If there is one thing that “Voice” reveals to us guys about female-to-female relationships, it is that it’s a much bigger mystery than what we thought it to be. I mean, Young-eon and Sun-min’s relationship felt so intimate that it probably takes just a little push to already call it a homosexual one but it’s not, or I think it’s not. The “I love you” part at the end is more a question than an answer since girls do it all the time to each other as a friendship (?) sort of thing! Also, Sun-min has never even been to Young-eon’s place. Also, Sun-min also never really knew much about Young-eon. All they did was hang-out at school and take an absurd amount of pictures together in one-standings, the usual tradition among females. It’s a triple mystery then for me: 1) are they lovers in the stage of innocence or are they the best of best friends? 2) how are they so close to each other given the previously cited information about them? and 3) why do girls take so many pictures with each other?! Number 1 is very important to us guys since we need to know whether we are being “friend-zoned” or not, hahaha.
I call this whole “girlfriends” thing a “I know why but I don’t understand why”. I just hope my reasoning’s reasonable. Maybe the girls in class who watched this are also puzzled. I don’t know, I’m just a guy in a guy’s world. Maybe the girls are also confused on how we guys treat each other, bro-codes and stuff. Or maybe it’s because it’s the fourth installment in the Whispering Corridors series. Or maybe it’s all solely Young-eon’s fault! After all, she is revealed to be a crazy manipulator of sorts! Maybe Sun-min would’ve acted more understandably to a guy like me if she wasn’t being swayed by Young-eon’s charm.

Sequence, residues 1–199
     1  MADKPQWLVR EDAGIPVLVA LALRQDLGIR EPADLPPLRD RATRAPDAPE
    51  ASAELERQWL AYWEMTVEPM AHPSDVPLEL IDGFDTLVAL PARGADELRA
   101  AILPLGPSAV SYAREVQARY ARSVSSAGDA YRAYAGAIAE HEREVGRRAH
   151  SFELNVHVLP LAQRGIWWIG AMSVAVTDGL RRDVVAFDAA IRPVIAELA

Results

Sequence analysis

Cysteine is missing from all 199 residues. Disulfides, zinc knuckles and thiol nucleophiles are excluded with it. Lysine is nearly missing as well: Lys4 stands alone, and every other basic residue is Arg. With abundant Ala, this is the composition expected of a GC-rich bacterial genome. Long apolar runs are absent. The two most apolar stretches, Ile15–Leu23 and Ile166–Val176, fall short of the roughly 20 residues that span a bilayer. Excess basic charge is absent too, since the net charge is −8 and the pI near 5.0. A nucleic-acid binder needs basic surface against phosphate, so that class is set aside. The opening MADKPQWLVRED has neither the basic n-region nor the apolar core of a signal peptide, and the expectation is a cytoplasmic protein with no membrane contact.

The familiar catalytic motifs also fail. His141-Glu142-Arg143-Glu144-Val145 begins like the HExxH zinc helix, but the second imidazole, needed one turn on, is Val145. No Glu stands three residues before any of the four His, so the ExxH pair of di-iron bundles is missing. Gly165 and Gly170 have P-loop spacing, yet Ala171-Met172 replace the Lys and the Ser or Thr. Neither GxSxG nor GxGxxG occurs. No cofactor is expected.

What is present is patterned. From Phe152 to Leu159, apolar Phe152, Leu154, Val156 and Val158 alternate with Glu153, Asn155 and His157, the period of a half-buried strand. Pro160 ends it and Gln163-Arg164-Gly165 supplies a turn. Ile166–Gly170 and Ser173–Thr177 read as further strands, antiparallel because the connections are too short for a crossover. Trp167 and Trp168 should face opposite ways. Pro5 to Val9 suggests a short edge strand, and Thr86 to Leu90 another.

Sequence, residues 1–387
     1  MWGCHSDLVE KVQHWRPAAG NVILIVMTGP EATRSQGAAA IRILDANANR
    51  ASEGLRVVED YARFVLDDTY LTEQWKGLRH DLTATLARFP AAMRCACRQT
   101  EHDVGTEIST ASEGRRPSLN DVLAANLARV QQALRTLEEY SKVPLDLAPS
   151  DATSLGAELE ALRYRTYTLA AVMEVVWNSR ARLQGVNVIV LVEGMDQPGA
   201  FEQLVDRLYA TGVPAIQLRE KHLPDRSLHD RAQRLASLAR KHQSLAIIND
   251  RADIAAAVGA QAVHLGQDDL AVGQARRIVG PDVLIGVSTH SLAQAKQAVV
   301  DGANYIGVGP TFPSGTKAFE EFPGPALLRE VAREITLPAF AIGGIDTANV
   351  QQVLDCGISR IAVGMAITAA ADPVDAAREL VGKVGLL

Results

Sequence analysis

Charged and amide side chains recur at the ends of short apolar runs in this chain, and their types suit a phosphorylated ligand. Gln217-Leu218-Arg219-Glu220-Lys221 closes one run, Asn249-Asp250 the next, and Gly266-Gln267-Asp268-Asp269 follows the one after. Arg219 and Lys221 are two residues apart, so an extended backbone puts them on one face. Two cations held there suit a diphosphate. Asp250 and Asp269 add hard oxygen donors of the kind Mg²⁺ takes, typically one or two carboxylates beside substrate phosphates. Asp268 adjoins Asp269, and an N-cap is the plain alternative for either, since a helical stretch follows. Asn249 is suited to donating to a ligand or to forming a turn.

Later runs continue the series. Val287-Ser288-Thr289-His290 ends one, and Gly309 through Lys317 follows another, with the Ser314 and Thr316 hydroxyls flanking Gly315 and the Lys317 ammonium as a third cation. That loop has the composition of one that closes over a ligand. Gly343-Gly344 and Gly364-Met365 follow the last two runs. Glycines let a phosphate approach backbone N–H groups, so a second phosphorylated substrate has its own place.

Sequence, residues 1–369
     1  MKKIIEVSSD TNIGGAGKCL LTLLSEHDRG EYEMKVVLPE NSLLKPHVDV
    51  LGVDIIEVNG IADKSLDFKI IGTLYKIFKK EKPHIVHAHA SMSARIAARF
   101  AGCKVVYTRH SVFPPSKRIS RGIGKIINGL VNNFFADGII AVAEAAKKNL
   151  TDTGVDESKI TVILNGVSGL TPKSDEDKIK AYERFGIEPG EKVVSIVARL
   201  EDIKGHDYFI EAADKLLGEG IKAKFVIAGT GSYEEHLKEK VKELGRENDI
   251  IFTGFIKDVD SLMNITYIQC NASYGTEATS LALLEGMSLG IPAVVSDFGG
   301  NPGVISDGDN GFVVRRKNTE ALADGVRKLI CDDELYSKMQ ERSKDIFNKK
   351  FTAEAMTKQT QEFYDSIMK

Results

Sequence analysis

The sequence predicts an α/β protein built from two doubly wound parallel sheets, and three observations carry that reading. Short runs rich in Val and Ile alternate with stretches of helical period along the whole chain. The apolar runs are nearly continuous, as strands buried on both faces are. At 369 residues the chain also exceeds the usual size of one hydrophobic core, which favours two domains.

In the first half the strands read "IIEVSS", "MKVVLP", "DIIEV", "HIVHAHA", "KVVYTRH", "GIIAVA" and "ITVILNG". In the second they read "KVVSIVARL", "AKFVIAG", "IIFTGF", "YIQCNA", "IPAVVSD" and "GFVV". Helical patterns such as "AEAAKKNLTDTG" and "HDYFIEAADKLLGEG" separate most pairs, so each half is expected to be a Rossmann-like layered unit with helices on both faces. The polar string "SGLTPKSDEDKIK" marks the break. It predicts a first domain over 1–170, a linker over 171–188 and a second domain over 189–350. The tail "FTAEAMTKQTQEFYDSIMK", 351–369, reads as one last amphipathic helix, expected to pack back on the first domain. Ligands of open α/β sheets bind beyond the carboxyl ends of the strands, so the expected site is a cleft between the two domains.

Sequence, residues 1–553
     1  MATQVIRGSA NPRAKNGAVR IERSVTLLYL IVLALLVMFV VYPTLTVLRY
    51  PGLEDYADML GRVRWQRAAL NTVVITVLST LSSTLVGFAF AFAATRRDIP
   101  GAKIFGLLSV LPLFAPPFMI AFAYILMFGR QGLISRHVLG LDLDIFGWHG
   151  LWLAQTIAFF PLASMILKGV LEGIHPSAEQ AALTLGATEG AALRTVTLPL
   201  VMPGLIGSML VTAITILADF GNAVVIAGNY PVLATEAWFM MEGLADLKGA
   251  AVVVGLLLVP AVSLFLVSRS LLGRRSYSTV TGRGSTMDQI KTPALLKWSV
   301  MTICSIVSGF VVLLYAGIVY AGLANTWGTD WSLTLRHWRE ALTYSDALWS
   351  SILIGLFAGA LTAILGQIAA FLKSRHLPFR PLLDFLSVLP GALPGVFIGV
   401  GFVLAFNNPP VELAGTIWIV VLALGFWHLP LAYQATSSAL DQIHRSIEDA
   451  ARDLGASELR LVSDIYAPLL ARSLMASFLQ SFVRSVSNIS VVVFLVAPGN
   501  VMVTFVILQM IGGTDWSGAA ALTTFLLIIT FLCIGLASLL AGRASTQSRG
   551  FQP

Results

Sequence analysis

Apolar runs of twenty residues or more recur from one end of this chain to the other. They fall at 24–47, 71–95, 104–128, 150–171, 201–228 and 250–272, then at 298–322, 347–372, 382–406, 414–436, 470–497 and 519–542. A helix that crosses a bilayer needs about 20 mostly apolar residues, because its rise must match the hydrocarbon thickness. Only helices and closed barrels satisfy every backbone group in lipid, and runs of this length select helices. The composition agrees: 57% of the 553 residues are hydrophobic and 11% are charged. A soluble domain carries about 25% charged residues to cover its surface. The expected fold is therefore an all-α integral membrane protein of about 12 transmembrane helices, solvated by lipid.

Who would’ve expected Young-eon to be crazy? I bet nobody! There wasn’t a slightest hint nor reason, it was all just revealed in the end by her supposed alter-ego which no other ghost has. Maybe it was a demon or something, I hope so! I believe the story still holds that way and it’s a lot scarier that way. Cho-ah said that a ghost only remembers what he/she wants to remember. If that is true and assuming that it is also true that Young-eon actually WANTED her mother to commit suicide and she actually WANTED to torment her music teacher, then why did she not remember that from the beginning? Why did she remember loving her mother if her alter-ego said she hated her?
It’s important to note that this is a movie about females, which, I reiterate, still doesn’t shed any light for a guy like me. It’s noteworthy that the presence of males in this film is near zero. I can only remember two male teachers, and they are sleeping in the couch being mocked and ridiculed by their female students. And where the hell is Young-eon’s father? I don’t know if I missed any hint in the movie but I typed ctrl-f-father or ctrl-f-dad in Voice’s Wikipedia article and nothing showed up. There are just mothers, even for Sun-min when she was being picked up near the end.
Overall, I liked this movie mostly for it’s story and most especially the relationship between Young-eon and Sun-min and also Sun-min’s character. Yeah sure it’s hard to understand but at some parts the movie can be heartwarming nevertheless. Sun-min really cares that much for Young-eon that she hangs-out with her as much as possible, even at curfews or closing times, even if Young-eon was reduced to just a voice, just to ease the problematic situation Young-eon’s in. It’s a lot harder than it looks since we the viewers were able to see Young-eon and Sun-min wasn’t. And the part where Sun-min remembers the good times she had with Young-eon and she runs back to her crying out that she will always remember her, I found it really touching. On the horror elements, not so much. Except for the first tense moment where there was a shadow constantly appearing behind Young-eon, everything else was “meh”. But it’s alright since it’s another new experience for me.